During the Cultural Revolution he had to toil in the fields, now he’s leading China’s biggest ever Antarctic mission
- The man leading China’s biggest ever mission to Antarctica nearly missed out on going to university
- Chen Dake’s life was transformed after a ban on ‘bourgeois’ figures studying was lifted in 1977 – but he still felt it safer to study science than humanities
When Chen Dake steps onto the Antarctic ice as the head of China’s biggest ever mission to the South Pole he will have travelled a long way from the rice fields of rural Hunan where he used to toil 40 years ago.
Chen was one of the millions of Chinese people whose lives were transformed by the end of the Cultural Revolution and the decision to reopen the country’s universities.
He was one of around 5.7 million students who rushed to take the college entrance exam in the winter of 1977 – a decade after universities were closed at the height of the revolutionary fervour.
The following spring Chen entered Hunan Normal University to study physics, but even then his choice of subject was coloured by the political climate of the era.
“Well, as a kid I was always more interested in literature and history than science, though I did well in all disciplines in school,” Chen told the South China Morning Post.
“Many thought I could make a name for myself as a writer or historian.
“However, right after the devastating Cultural Revolution, people were still afraid of doing anything ‘cultural’ or ‘social’. Science was deemed a much safer choice.”
The decision has paid off as Chen, now a renowned oceanographer, is leading a team of 350 researchers on board the icebreaker Xue Long, which means Snow Dragon, on a mission to expand China’s presence at the poles.
The team sailed from Shanghai in early November with a range of tasks to fulfil, including the construction of a permanent airstrip near China’s Zhongshan research station in the continent’s east.
The expedition team will install research equipment at Taishan Station, one of four Chinese research centres on the continent, and survey and map Inexpressible Island – one of the most inhospitable places on Earth – to prepare for the construction of China’s fifth station there.
The new research station on the island will allow China’s to collect ocean dynamics data from the Southern Ocean, the last waters around the Antarctic continent that they have yet to survey.
By studying ocean dynamics and temperature fluctuations, Chen’s main area of research, the team will be better placed to analyse the impact of climate change.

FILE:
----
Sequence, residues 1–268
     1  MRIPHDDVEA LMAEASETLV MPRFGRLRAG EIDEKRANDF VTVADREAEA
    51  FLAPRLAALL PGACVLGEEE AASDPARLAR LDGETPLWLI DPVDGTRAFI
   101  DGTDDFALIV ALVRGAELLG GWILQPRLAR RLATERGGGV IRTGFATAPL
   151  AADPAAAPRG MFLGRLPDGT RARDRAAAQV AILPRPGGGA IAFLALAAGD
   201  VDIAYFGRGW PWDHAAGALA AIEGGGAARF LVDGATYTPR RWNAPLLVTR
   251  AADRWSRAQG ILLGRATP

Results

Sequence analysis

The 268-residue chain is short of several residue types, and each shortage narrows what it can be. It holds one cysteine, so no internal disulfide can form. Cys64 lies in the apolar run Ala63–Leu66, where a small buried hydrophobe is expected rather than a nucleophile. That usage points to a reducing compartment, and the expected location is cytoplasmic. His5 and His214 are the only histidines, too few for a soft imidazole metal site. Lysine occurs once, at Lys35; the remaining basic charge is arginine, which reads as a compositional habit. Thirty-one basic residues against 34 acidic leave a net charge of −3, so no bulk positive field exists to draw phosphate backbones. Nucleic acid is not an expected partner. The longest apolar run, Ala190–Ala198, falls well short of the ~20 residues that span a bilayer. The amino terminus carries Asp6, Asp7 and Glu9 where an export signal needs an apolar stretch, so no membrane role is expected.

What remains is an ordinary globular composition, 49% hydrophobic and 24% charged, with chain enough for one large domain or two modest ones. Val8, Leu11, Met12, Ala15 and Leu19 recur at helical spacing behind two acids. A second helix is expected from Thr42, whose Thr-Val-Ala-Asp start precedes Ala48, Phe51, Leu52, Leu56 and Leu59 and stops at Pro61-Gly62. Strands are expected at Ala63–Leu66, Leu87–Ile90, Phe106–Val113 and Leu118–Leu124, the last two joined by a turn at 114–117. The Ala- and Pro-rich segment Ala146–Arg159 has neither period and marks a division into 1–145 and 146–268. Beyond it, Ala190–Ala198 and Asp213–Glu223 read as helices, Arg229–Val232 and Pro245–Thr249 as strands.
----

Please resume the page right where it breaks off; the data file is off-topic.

They will also help to set up a reserve for the island’s penguins.
China is one of 40 countries with research bases in Antarctica, but until recently Chinese scientists have lagged behind countries such as the United States.
But Chen said a recent influx of funding had helped China to catch up.
“The gap between China and the USA in oceanic research is not nearly as wide as it used to be in the 1980s and 90s, and we will continue to catch up, at a rate similar to that in other fields of scientific research.”
He said the rapid pace of Chinese development in recent years had included a significant increase in its capacity for carrying out oceanic research – in particular the launch of Xue Long and the Jiao Long deep-sea submarine.
Jiao Long, which roughly translates into Sea Dragon, is the first such vessel designed and built in China, and can go down 7,000 metres (23,000ft), deeper than any other manned vessel.
Its range means Chinese scientists will be able to study and explore the rich natural resources at the bottom of the ocean.
But Chen’s life appeared to be on a very different path when he left high school in Changsha, the capital of Hunan province, in the mid-1970s and was forced to spend three years working in the paddy fields of central China.
Because his parents had been intellectuals – a group regularly targeted during the Cultural Revolution – his “bourgeois” background prevented him from going to university.
After initially closing all the country’s universities, Mao Zedong had allowed a partial reopening a few years later but admission was based on ideological, rather than academic, criteria that favoured students from peasant and proletarian families.
A famous story from that era illustrates that climate of the time.
Zhang Tiesheng, a farmer in northeast China’s Liaoning province, was admitted to college in 1973 despite his failure to answer a single question on chemistry and physics.
But Mao’s death in the 1976 heralded an era of sweeping change.
As part of the reform process, the new leadership decided to reverse the policy on university admissions, allowing Chen and millions of others to take the entrance exam for the first time in the winter of 1977.
“I was sent to the countryside after high school and toiled in the rice fields for three years before getting back to the city and entering college,” Chen said.
“I barely had time and energy to prepare for the entrance exam, but I guess that’s probably true for almost everyone who took that exam.
“I remember that almost every young person in the countryside where I worked took the exam.”
Back then only 5 per cent of the exam candidates, around 270,000 people, succeeded in gaining entrance to university – a far cry from the present-day 74 per cent success rate.
Chen was one of the lucky ones, and after studying at Hunan Normal University and the Second Institute of Oceanography, went on to complete his PhD at the State University of New York at Stony Brook.
He spent around two decades in the United States, a period of breakneck change in China, before being lured back in 2006.
He returned to lead the newly established national laboratory of ocean dynamics in Hangzhou, a decision he explained by saying: “I had seen the rapid economic development in China and I was sure it would have a strong impact on its scientific research. I simply didn’t want to be a bystander and miss all these wonderful activities.”